View Full Version : OAL of Hornady 230 gr FMJ
Does anyone have the specs on what the OAL is for the Horndady 230 gr FMJ-RN? I had a good deal on a box of 100 and thought I'd try them with some HS-6 but don't have the Hornady manual. I thought I had some WWB to measure as a reference but forgot I shot that up last week.
In the Speer manual, the OAL for their comparable bullet is 1.260" but, I'm sure there's a difference in the ogive and bearing surface of the two manufacturers.
Depends on the gun, powder and performance you want... start with what your manual or the powder manufacturers online resource say and load long as you can, with your guns mags. Then work your way up from minimum powder charge.
Personally I load my .45 ACP to 1.2 OAL and work up the powders from mid-range in the manual recommended range, then chrono and confirm accuracy needs.
I have three .45's and need a standard OAL so they'll work in all three. Since they are Hornady bullets and I have no Hornady manual, I thought just seat them to the length factory ammo is seated but unfortunately, I don't have any available. I think some WWB would be cheaper than a manual so, perhaps I'll just pick some up tomorrow. I don't think Hornady has any info online.
Just load them to a length that functions through all of your mags without hitting the lands in any of your guns. (Usually loading so long that they hit the lands is never a problem but it only takes a second to check.)
Don't get hung up on OAL, except for being too short it really isn't that big of a deal.
Can't help with specifics on Hornady, but I tend to load long as long as there isn't a function issue. 230 FMJ and plated I've been loading at 1.25, regardless of mfg, although I've loaded shorter and suspect anything between 1.2 and max COAL would be fine in many if not most 45s. Check to verify barrel and magazine fit and load up some test rounds.
Hornady manual says 1.230 COL for 230 gr FMJ RN ENC
My purchased Hornady is SD and not 230 gr, or I would measure it for you. I suggest doing a round or two without powder or primer and see how they fit. Personally, I would put them in a gauge head first to make sure it wasn't a crimp problem at headspacing. Do it before bullet-first, or after if a round is doubtful on seating cleanly. Just a thought. What do I know?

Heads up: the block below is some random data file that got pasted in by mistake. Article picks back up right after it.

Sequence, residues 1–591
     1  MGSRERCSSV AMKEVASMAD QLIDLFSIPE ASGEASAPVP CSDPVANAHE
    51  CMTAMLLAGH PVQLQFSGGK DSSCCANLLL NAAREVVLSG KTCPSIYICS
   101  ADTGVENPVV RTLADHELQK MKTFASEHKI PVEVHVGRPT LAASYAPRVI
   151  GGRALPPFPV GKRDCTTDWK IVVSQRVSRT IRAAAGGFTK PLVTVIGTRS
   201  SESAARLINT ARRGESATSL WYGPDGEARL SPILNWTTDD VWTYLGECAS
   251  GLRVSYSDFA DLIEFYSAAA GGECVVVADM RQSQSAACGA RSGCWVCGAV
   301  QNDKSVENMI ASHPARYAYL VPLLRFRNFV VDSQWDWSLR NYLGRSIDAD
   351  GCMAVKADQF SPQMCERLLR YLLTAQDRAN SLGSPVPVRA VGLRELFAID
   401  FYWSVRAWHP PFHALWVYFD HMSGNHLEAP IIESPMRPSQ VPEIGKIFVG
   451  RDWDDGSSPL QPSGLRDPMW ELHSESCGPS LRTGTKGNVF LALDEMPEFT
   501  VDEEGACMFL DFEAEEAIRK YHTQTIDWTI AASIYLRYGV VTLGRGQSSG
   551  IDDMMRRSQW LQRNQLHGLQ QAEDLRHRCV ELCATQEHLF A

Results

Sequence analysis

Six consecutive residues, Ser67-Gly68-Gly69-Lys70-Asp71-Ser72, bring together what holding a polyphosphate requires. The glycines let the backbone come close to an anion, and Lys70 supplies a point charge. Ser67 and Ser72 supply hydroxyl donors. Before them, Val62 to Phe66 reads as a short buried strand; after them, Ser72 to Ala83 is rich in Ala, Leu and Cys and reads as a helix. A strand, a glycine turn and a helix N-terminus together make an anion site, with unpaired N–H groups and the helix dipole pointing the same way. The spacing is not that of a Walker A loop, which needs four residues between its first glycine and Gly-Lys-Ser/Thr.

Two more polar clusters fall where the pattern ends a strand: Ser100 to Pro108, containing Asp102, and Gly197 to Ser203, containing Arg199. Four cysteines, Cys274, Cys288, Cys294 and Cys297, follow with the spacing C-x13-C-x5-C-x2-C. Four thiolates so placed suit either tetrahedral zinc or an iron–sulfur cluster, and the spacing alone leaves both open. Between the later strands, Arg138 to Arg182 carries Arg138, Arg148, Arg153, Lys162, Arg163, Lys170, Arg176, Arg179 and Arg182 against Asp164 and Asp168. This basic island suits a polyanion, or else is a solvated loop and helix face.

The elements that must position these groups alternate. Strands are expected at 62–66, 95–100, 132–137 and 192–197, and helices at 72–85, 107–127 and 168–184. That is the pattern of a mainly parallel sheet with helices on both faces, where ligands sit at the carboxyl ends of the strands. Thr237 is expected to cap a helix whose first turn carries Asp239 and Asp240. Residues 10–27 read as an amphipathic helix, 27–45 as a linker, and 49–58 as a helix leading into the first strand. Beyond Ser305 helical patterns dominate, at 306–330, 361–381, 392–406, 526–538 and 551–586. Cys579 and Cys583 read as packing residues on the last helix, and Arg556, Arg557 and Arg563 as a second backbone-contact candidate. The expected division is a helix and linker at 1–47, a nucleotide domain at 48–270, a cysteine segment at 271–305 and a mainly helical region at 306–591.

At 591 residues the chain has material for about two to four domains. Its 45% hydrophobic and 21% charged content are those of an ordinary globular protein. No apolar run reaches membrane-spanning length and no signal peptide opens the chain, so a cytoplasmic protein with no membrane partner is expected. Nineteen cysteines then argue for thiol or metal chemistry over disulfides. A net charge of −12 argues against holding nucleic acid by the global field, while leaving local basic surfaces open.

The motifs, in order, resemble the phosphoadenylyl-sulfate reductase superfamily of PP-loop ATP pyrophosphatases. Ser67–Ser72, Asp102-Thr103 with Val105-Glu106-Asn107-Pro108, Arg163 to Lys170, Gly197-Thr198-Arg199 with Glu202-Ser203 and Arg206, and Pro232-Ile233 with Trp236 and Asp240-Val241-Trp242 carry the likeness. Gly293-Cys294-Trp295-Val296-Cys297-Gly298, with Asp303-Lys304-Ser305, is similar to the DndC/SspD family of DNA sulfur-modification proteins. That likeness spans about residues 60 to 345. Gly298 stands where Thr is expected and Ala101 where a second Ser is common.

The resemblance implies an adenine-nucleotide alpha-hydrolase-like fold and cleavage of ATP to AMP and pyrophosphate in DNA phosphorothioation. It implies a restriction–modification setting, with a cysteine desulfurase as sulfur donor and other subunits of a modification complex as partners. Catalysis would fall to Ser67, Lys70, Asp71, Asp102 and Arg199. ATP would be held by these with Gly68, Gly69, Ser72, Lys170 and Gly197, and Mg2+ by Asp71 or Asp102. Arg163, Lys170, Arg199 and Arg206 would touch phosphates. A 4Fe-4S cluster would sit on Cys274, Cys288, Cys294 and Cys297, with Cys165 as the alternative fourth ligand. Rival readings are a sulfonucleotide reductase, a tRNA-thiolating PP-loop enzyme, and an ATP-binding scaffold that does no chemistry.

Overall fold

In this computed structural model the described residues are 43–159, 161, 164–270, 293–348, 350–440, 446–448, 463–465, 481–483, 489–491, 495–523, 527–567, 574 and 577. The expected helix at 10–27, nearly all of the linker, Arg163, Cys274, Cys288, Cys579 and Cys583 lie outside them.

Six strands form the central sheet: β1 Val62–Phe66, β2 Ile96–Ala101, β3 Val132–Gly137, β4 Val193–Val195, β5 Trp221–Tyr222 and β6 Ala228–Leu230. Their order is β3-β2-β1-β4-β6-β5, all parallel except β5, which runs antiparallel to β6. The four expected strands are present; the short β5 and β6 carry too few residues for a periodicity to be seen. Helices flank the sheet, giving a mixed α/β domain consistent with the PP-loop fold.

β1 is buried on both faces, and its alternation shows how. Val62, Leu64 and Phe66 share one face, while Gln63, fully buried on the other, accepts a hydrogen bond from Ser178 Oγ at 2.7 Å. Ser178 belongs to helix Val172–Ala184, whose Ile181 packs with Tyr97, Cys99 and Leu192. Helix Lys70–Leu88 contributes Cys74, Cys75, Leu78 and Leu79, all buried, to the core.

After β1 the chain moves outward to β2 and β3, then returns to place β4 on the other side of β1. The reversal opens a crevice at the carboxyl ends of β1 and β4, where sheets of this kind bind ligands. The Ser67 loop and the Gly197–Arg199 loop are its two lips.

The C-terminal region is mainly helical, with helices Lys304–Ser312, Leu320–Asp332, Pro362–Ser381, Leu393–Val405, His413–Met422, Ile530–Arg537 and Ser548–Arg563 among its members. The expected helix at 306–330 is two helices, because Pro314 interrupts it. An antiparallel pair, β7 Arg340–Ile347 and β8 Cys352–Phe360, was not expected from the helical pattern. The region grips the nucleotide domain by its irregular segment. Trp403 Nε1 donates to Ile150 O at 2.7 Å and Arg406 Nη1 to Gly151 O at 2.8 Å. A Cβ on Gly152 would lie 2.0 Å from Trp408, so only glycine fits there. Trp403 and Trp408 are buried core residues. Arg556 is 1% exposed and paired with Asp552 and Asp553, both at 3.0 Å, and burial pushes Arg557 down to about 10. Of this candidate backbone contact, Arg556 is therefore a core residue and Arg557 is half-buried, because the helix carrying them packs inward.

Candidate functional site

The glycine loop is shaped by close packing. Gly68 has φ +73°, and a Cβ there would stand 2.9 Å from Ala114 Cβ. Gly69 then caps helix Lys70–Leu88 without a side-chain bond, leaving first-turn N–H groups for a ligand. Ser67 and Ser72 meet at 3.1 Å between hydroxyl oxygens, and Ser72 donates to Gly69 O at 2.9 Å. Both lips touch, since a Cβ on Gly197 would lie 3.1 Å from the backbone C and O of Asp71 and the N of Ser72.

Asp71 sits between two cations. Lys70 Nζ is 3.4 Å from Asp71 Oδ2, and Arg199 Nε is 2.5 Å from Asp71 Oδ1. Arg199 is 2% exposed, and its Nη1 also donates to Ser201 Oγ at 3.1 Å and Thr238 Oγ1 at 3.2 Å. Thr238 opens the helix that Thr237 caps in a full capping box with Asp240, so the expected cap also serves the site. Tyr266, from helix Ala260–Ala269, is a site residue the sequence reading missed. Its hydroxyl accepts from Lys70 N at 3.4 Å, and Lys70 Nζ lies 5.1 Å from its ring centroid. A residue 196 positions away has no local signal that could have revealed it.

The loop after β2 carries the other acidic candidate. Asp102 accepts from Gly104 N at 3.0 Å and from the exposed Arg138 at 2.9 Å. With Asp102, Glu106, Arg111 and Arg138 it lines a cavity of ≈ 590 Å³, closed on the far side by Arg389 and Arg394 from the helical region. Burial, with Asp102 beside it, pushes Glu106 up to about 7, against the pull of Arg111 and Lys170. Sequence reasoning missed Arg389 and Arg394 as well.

A length of 1.230-1.250" seems to be the norm. Manuals use to not have an OAL stated in them so, I did it the old fashioned way as some have recommended. I loaded ten to 1.230" and checked for functioning in a couple of them and crimp was ok and feeds fine by hand cycling. All mags appear to handle that length fine and when dropped into different barrels, it's flush or slightly below.
BTW-Thanks to n2extrm and at_liberty for that Hornady info. I guess it wouldn't hurt to get a manual from them as I use to have 3-4 lying around anyway but, they're all old. My only new manual is the Speer.
Like Jack said, darn near anything will work. For 230 ball, I tend to use 1.260. feeds in all my .45's.
Sometimes a longer OAL feeds better. Keep in mind shorter OAL with like charges = higher pressures. Keep that in mind when looking at data.
.45 acp is such a low pressure round I never worry too much about ogive or bearing surface unless comparing fmj data and trying to do a hp load...
Older Hornady data calls for 1.250" for the 230 FMJ. That's with bullet number 4517. With Hornady's 230 FMJ-RN-ENC bullet number 45177 it's listed at an overall length of 1.230". Depends on the bullet number you have.
I load all RN to 1.250 and TC to 1.225. Worked for many tens of thousands of rounds.
From what I've been able to glean it seems any manufacturer's data can run all the way up to 1.275. I think sierra's is that length or within a few thousands of it.
The shortest .45 bullet I ever loaded was the 200 gr Speer Flying Ashtray. I still have some factory ammo in this bullet and they measure at 1.155". It's no secret that's my all time favorite bullet. I hate it's lifespan is over.
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